Course Title: Context and Practice of Translation 1B (LOTE into English) Mandarin
Part B: Course Detail
Teaching Period: Term1 2010
Course Code: LANG5451
Course Title: Context and Practice of Translation 1B (LOTE into English) Mandarin
School: 365T Global Studies, Soc Sci & Plng
Campus: City Campus
Program: C6067 - Advanced Diploma of Translating and Interpreting
Course Contact : Miranda Lai
Course Contact Phone: +61 3 99253523
Course Contact Email:firstname.lastname@example.org
Name and Contact Details of All Other Relevant Staff
Mr. John Little email@example.com
Nominal Hours: 80
Regardless of the mode of delivery, represent a guide to the relative teaching time and student effort required to successfully achieve a particular competency/module. This may include not only scheduled classes or workplace visits but also the amount of effort required to undertake, evaluate and complete all assessment requirements, including any non-classroom activities.
Pre-requisites and Co-requisites
Successfully complete the bilingual intake test.
The course aims to provide students with skills and knowledge in written transfer, the primary competency of the Professional Translator, and the ability to apply relevant theoretical frameworks and contextual knowledge required of particular assignments.
National Codes, Titles, Elements and Performance Criteria
National Element Code & Title:
VBN929 Context and Practice of Translation 1B (LOTE into English) Japanese
On completion of this module you will be able to:
- Translate passages that embody a reasonable level of linguistic and conceptual difficulty from LOTE into English, exhibiting appropriate use of transfer skills and achieving acceptable meaning-based renderings. Produce renderings in the Target Language that are appropriate to the context of the text in lexis, idiom, register, collocation, style, etc.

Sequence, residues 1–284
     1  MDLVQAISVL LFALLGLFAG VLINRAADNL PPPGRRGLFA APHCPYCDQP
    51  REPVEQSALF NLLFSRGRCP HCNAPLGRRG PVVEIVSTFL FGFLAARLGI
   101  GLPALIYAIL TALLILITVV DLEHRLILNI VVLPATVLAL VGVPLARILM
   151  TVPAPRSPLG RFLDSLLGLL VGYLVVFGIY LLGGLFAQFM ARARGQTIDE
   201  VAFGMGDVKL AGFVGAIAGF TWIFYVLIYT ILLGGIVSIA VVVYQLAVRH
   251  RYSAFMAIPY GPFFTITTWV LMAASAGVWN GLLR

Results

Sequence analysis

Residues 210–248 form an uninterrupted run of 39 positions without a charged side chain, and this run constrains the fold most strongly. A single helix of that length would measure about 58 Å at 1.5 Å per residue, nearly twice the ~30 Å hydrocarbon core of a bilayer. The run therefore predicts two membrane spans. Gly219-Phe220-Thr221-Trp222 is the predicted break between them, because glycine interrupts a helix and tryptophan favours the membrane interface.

- Examine in depth a range of institutional and professional contexts in which interpreting and translating take place as professional activities, and apply related concepts and vocabulary within more complex translation practice.
- Research Australia’s and the LOTE-speaking country’s institutional and professional contexts that arise in a substantial translation text.
- Collaborate in developing acceptable equivalences (in English or the LOTE as applicable) for terminology relating to these contexts.
- Apply a variety of techniques for translating words and terms that are difficult to transfer due to cultural factors.
- Provide a comprehensive rationale for each equivalence.
NAATI: National Accreditation Authority for Translators and Intepreters
Details of Learning Activities
In small groups you will develop the skills and knowledge to perform complex translation tasks. In particular, the instruction will aim to assist you to:
- Undertake translation tasks from the LOTE into English, involving a range of ancillary skills as incorporated into aspects of textual analysis: context, idiom, collocation, register, stylistics, etc.
- Use monolingual and bilingual dictionaries, glossaries, thesauri and other appropriate databases used by professional translators in an appropriate manner.
- Compile monolingual and bilingual glossaries and databases in line with Australian and international professional practices.
- Develop appropriate translation techniques, such as transference, cultural equivalence, functional equivalence, transposition and ability to evaluate the merits and demerits of such techniques.
- Link translation practice to the theoretical frameworks studied in Theoretical Bases of Interpreting & Translating, and to the ethical, professional and role aspects studied in Ethics and Professional Practice of Interpreting & Translating.
- Understand and apply the meaning-based approach to translation.
- Produce highly accurate translations containing no major errors, particularly those that extend beyond the word / phrase level and lead a student into making subsequent significant errors of cause / effect, etc.
- Produce complete translations (no ‘censoring’, summarising or providing extraneous information).
- Make appropriate choice of vocabulary, particularly medium- and high-frequency vocabulary.
- Ensure correct spelling, punctuation and capitalisation, and where applicable, correct formation of script or ideographs.
- Choose appropriate register.
- Transfer lines of cohesion (causes and effects, and inter-relationships between elements) and maintain the logical order of the original argument.